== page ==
Paying a $4.25 connection fee and then 75 cents per minute thereafter seems costly, unless, perhaps, we’re talking about a phone call from our future Mars colony back to Earth. It is, though, what an operator at the phone company Global Tel*Link says it costs for a call from Pennsylvania’s Carbon County Correctional Facility to anywhere beyond the local calling area. That’s in line with the rates other companies charge for prisoners around the country to make simple long-distance phone calls. To compare, prepaid cell phones on the outside top out at about 20 cents a minute, and a standard residential landline plan at just half that.
If you find it difficult to rally sympathy for prisoners’ hefty monthly phone bills, consider two things. First, we know that contact with the outside world while in prison is tied to better outcomes after prison. Second, those costs are generally borne by families and friends, either through collect charges or the refilling of debit accounts, what the Center for Constitutional Rights’ Annette Dickerson calls “a transfer of punishment.” More than a decade ago, a Washington, D.C., grandmother named Martha Wright protested the high cost of taking calls from her grandson, who had been relocated from Virginia’s now-shuttered Lorton facility, a short Metrobus ride away, to Ohio, then New Mexico, and finally Arizona. A class-action suit followed. In 2001, the federal district judge on the case deferred to the Federal Communications Commission (FCC), and that’s where the Wright petition has sat since.
A report released last week from Massachusetts’s Prison Policy Initiative called The Price to Call Home dissects how a 20-minute call from Carbon County Correctional ends up costing 20 bucks. States sign exclusive prison contracts with phone companies, leaving few options for the support network of prisoners far from home who want to stay in contact without traveling long distances. It also means that while prisoners’ outside contacts are responsible for paying for calls, the real customers are states and their prison systems. (It’s one reason, perhaps, that prison chat boards are full of complaints about poor customer service and dropped calls.)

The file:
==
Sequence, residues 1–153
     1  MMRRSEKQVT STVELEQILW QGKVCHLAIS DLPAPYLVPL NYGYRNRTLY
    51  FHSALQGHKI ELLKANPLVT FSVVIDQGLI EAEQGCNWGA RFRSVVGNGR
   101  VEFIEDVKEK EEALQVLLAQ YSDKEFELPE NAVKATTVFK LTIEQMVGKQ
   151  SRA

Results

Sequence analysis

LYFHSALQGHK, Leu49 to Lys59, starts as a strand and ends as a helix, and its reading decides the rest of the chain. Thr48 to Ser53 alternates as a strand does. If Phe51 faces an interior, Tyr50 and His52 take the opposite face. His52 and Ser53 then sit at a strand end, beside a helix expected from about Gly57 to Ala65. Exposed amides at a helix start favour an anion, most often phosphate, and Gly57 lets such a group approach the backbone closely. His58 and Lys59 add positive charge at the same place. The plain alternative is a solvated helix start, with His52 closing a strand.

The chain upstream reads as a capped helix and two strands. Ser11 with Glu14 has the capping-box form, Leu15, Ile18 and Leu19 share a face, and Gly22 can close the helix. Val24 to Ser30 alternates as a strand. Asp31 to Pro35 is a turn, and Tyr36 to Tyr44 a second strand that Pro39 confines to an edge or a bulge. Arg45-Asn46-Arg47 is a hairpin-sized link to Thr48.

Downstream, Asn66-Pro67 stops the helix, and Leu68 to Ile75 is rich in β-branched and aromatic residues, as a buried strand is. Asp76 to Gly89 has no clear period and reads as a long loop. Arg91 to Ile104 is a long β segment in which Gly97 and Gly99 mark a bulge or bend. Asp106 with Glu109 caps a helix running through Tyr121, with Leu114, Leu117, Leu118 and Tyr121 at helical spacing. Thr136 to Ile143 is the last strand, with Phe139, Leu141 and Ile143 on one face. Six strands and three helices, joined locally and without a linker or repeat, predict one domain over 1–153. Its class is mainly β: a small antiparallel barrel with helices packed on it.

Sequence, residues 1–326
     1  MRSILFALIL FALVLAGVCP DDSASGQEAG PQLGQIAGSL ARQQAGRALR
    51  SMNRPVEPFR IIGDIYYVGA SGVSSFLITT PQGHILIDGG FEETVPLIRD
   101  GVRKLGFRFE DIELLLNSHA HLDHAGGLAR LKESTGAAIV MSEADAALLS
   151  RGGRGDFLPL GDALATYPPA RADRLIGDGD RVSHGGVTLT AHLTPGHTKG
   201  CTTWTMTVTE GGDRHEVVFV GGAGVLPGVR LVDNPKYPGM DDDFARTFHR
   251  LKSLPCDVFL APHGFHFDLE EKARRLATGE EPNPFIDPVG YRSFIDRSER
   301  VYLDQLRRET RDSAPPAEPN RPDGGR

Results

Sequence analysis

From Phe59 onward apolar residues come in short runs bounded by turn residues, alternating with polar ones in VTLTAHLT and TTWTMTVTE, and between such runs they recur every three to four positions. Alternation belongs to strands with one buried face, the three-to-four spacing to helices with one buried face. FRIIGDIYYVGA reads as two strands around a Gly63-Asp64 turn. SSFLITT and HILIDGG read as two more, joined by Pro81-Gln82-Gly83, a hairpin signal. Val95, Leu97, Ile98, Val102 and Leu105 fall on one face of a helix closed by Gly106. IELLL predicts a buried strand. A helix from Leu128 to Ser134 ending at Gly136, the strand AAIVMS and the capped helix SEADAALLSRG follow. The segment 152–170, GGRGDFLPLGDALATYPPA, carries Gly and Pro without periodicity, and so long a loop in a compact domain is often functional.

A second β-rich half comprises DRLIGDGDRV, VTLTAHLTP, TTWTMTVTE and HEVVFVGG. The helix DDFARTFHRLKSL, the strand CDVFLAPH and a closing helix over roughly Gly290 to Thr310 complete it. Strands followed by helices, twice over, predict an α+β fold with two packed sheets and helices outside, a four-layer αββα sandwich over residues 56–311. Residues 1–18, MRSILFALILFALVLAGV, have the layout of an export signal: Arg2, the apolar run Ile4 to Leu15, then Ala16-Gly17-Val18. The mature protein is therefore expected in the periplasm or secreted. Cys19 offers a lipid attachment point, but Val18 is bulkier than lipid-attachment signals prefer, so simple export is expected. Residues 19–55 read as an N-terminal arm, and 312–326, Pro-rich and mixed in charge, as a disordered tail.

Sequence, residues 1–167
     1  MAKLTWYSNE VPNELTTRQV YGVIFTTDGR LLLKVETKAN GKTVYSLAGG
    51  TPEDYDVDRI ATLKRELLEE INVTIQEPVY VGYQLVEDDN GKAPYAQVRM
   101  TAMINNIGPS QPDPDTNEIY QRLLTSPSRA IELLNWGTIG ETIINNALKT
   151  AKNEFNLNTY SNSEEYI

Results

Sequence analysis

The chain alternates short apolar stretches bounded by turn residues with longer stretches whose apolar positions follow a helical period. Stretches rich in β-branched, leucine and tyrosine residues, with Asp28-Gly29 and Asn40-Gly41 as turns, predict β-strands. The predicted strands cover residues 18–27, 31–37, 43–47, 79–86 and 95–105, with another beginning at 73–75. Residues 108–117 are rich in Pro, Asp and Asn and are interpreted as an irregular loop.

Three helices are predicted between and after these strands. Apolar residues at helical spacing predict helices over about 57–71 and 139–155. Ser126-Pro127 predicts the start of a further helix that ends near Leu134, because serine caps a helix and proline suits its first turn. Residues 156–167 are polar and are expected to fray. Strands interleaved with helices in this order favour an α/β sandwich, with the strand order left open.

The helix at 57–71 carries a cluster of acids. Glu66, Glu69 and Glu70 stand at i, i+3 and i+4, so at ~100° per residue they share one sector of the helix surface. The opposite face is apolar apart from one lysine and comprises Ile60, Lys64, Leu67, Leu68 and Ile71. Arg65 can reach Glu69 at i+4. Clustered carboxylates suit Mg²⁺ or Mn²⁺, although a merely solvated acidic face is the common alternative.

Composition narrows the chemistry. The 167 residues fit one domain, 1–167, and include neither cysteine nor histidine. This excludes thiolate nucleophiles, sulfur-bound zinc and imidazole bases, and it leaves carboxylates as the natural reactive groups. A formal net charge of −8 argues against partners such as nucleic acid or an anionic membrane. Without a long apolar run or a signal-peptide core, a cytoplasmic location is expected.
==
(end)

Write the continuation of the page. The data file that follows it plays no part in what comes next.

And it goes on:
Meanwhile, those who benefit from the prison phone system have little interest in seeing calls cost less. In 42 U.S. states, you see, there’s a commission—”kickback,” as the report describes it—that is returned to the state as a portion of the revenue generated by inmate calls. Officials argue that those funds are needed to pay for things like family visits, rehabilitation programs, and the care of ailing prisoners. When New York state banned the practice five years ago, the commission stood at 57 percent. Authorities aren’t eager to broadcast the details, but a request under Pennsylvania’s right-to-know law found that for fiscal year 2007, inmate phone commission returned some $7 million to the state.
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i'm the leftist liberal you've been warned about - the one who genuinely supports the expansion of the welfare state. i love politics and data and graffiti and street art and am far too lazy to use my shift key. if you need to reach me, you can email to abbyjean at the google email service.